The party apparatus has withered in much of the nation. Terry McAuliffe, the Democratic National Committee chair, promised a "rural initiative" to move resources and staff into states such as North Dakota and Montana, but the money never really flowed. You can now drive for hundreds of miles across the Western United States without touching a county where the party has a viable local organization. In the South, a decline in party fortunes that can be traced to the civil rights era has accelerated to a point where Democrats this year had a hard time recruiting statewide candidates in states like Georgia and Texas, which they dominated into the 1990s. In the Midwest, Democrats hold fewer state legislative seats than at any time since 1962. In Ohio, a state where Democrats controlled both US Senate seats, the governorship and the State Assembly as recently as 1990, the party now holds no statewide constitutional offices. For all his talk of rebuilding the party, McAuliffe has actually been presiding over its steady decline. And his one presumed strength, an ability to raise huge sums of unregulated "soft money," was, on the morning after the 2002 vote, choked off by the new McCain-Feingold Bipartisan Campaign Finance Reform Act.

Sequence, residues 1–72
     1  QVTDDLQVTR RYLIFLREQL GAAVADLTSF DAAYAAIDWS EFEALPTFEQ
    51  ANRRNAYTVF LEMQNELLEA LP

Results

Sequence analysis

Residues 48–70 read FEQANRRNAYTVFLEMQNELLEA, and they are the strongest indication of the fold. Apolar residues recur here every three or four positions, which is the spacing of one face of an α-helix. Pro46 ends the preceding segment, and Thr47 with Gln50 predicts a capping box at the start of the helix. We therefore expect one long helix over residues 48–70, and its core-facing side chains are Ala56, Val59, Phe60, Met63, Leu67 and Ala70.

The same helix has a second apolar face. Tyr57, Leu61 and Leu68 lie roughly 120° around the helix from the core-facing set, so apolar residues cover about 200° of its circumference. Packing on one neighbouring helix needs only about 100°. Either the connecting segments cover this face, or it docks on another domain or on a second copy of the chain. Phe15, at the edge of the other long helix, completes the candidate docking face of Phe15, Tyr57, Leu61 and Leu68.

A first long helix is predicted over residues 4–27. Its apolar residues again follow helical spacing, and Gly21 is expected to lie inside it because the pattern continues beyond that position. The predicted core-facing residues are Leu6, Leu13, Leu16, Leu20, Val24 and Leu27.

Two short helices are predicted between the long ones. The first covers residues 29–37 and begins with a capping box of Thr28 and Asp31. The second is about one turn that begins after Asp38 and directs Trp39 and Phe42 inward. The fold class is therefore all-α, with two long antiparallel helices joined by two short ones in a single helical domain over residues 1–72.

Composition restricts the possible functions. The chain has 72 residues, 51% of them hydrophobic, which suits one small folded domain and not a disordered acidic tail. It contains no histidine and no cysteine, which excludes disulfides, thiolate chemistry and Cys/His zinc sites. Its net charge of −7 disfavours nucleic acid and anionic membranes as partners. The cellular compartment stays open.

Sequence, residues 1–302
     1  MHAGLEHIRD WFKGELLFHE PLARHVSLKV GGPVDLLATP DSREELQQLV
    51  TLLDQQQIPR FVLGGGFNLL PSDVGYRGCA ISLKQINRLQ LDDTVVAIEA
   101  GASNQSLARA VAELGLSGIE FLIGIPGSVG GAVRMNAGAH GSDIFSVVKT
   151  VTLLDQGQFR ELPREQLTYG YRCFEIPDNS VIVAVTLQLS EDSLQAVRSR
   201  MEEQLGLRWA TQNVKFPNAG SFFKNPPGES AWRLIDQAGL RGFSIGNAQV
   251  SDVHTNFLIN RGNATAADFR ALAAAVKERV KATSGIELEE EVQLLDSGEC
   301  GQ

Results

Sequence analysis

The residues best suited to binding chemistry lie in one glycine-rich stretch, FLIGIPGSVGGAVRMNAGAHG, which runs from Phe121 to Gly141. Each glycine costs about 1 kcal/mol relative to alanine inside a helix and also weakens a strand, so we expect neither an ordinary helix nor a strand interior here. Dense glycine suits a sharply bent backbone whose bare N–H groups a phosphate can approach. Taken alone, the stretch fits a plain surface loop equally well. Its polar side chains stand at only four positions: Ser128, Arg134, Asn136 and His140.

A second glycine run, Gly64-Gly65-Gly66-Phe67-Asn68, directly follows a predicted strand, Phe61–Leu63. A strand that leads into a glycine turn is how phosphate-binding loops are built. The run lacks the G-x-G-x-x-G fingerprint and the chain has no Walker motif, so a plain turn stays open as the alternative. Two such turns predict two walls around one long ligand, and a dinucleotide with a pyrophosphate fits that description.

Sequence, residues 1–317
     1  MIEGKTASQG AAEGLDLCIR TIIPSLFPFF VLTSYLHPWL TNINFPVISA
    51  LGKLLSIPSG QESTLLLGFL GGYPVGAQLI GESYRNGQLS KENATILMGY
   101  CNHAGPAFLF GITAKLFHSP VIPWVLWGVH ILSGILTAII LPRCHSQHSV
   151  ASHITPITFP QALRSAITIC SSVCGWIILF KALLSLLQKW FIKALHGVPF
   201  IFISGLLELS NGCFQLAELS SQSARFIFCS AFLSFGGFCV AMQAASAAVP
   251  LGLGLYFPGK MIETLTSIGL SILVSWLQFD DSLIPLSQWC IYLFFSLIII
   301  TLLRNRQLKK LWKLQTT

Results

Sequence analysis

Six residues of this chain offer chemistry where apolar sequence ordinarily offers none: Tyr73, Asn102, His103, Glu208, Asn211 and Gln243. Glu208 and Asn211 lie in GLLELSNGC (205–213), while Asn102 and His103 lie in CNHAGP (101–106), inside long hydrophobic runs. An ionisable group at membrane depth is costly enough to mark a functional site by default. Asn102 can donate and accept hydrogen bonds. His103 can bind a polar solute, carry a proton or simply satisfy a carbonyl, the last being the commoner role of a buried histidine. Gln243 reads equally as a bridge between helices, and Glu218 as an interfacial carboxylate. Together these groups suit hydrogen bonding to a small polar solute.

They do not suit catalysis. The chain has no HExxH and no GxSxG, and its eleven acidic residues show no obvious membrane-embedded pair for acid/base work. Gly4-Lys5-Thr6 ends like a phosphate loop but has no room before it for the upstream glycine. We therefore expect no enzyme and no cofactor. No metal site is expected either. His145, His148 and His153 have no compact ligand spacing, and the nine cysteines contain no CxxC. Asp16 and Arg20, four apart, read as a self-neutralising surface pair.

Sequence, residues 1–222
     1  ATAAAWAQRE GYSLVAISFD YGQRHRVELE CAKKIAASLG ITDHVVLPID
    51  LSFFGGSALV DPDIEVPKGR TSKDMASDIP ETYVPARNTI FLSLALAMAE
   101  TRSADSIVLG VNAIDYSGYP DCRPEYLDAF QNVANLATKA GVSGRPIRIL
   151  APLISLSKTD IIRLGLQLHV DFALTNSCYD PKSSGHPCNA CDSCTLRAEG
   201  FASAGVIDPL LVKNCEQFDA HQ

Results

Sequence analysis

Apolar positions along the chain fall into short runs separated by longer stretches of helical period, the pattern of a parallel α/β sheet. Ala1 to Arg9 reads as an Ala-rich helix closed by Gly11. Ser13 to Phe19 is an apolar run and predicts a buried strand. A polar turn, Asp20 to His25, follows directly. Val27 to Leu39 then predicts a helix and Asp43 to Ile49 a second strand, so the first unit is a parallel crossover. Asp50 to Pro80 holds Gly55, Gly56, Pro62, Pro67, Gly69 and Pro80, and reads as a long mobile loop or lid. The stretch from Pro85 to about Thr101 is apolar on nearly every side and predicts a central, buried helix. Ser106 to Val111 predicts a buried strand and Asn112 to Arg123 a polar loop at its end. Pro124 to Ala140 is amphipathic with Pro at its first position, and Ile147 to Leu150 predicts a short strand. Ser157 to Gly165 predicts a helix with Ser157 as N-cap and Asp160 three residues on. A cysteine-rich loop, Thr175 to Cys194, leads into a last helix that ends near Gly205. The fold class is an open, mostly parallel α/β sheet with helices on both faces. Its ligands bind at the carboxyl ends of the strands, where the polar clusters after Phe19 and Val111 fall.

McCain-Feingold barred national parties from collecting unlimited and largely unregulated soft-money contributions from unions and corporations and then distributing that money to state parties--as they did with more than $470 million in 2002--to pay for everything from television commercials to get-out-the-vote drives. Thus, even if McAuliffe and the DNC could get their act together, the party no longer has the financial flexibility to implement the sort of campaign needed to offset the advantages of the Bush/Cheney re-election effort and the Republican National Committee, both of which are flush with cash raised from their broader bases of well-off "hard-money" donors.